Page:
The Nordic Diet is an eating program that various people seem to have tried to get to go viral, but it has never made it to the big league. There were a lot of newspaper and magazine articles about 5 years ago and there’s been another spike of interest recently. But it’s never had the popularity of the Meditteranean diet, despite the fact that it’s easier to spell.
Indeed, if you look at the past 5 years of Google Trends for the Nordic Diet you can see that there was a peak at the end of 2014/start of 2015, and again a few peaks late 2017 and mid 2018 but generally there’s not much going on. If you compare Google trends for Meditteranean diet with Nordic diet, it’s pretty similar in terms of interest just without the clear peaks. HOWEVER, if instead we choose to spell Mediterranean correctly, the trend comparison shows that the Nordic diet doesn’t come close.
I think that proves my point. The Nordic Diet – about as popular as misspelling the Mediterranean diet. I’m going to do it anyway though, as the Nordic Diet has some strong branding and makes quite a lot of sense. “The ultimate diet for weight loss, health and happiness“.
So! What is the Nordic diet? In a sentence: it’s like the Mediterranean diet, but with more root vegetables and more rapeseed oil.
In a bit more detail – according to Trine Hahneman’s Eat Nordic book – my summary would be…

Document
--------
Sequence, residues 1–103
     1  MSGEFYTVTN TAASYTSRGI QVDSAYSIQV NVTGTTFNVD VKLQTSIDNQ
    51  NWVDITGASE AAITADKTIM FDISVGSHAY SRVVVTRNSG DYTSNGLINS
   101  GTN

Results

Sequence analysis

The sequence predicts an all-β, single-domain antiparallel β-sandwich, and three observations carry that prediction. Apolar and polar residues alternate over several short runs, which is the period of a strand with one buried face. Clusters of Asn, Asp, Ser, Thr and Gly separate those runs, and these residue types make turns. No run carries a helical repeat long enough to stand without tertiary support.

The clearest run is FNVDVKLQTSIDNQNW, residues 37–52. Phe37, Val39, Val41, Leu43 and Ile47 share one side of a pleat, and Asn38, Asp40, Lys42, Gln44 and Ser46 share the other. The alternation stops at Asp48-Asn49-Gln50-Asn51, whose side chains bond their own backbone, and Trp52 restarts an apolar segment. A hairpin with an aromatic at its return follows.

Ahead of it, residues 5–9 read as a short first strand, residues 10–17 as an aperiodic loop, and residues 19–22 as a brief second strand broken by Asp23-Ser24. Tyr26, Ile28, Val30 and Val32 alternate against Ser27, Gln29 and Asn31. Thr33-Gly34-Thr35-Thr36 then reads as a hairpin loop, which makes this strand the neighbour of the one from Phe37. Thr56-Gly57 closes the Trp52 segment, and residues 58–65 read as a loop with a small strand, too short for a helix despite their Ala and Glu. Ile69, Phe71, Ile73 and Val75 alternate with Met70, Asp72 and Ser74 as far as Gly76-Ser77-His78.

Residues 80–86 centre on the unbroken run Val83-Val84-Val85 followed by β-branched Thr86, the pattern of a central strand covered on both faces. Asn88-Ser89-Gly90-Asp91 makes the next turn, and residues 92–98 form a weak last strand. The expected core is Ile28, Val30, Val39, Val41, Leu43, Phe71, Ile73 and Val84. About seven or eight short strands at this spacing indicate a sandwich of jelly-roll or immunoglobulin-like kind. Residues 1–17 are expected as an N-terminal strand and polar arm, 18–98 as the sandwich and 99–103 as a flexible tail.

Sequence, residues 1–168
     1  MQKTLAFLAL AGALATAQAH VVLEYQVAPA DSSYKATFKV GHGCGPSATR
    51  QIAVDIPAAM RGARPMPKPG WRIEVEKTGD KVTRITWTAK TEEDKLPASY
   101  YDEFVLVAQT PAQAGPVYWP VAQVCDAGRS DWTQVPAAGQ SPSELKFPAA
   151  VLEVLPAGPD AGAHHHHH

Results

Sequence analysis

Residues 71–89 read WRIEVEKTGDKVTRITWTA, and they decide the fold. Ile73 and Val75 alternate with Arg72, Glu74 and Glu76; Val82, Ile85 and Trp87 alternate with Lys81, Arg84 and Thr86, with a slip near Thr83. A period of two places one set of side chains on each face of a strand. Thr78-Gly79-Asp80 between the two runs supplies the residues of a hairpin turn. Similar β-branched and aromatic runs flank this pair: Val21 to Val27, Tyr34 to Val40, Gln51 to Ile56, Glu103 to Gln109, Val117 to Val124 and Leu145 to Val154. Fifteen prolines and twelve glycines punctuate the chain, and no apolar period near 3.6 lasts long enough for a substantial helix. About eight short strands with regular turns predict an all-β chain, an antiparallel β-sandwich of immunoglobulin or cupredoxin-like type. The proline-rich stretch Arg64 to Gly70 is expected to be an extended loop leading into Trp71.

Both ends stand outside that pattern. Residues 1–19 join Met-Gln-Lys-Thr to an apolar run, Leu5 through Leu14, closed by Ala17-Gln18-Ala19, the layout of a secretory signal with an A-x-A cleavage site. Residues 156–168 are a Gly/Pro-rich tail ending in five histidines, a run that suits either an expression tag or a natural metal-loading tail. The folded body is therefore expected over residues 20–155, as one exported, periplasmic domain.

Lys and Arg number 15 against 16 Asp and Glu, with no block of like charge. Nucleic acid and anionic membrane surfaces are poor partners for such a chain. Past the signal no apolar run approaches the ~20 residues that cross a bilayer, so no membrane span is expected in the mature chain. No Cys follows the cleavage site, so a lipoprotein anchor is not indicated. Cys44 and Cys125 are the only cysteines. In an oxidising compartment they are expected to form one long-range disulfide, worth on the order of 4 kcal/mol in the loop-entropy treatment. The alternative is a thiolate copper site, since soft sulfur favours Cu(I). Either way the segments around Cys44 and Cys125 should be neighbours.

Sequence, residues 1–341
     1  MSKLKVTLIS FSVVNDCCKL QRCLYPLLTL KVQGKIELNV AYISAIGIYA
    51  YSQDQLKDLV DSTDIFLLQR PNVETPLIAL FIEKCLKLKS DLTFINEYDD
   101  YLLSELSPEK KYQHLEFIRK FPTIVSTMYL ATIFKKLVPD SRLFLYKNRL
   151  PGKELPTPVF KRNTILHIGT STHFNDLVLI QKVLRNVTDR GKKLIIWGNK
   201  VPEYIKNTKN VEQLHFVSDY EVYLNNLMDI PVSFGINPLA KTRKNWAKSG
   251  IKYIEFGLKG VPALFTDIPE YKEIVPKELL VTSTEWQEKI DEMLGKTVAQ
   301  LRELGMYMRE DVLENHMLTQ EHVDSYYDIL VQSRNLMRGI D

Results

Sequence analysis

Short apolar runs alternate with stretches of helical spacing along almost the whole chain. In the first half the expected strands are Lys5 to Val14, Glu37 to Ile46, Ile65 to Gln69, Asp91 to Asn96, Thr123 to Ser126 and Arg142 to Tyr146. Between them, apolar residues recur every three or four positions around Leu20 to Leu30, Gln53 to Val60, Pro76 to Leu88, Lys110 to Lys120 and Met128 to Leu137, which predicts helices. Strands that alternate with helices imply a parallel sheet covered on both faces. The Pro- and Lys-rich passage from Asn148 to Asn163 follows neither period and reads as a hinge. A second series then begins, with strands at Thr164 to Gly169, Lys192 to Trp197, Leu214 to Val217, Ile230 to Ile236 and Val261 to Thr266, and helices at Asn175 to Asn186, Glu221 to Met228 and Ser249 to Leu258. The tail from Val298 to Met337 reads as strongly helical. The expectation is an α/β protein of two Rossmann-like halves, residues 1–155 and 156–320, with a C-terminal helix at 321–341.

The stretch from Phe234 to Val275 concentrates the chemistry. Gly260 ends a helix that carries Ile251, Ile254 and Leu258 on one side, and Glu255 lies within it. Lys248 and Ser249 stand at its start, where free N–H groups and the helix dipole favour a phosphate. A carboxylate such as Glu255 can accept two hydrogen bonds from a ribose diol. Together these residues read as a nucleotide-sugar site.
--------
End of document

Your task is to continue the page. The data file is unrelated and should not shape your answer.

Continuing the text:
- 3 meals a day. Eat sitting down and take time over eating. Always have some veg or salad.
- 3 snacks a day tops. Example snacks: Piece of rye bread with cottage cheese, a couple of pieces of fruit, some non-fat yoghurt with berries, a small piece of dark chocolate, a handful of nuts.
- Outside this, snack on raw veg if you have to.
…of low-fat high fibre food
- Most of your plate should be veg, and preferably in season veg. Root veg, pickled veg, all sorts of veg.
- Bread and stuff should be rye and preferably posh (organic, home made).
- Minimise oil and fat, and when you do have it, make it posh (cold pressed rapeseed).
- Dairy should be low fat or no fat: cottage cheese, skyr, etc. Eggs are good.
- Oats are in, so’s barley and all sorts of other cereals and grains.
- Don’t eat too much meat or fish. Lean meat, poultry or game, 2-3 times a week tops; fish 2-3 times a week, rest of the time veggie. For us this is a bit too much meat so we’ll be more veggie than this.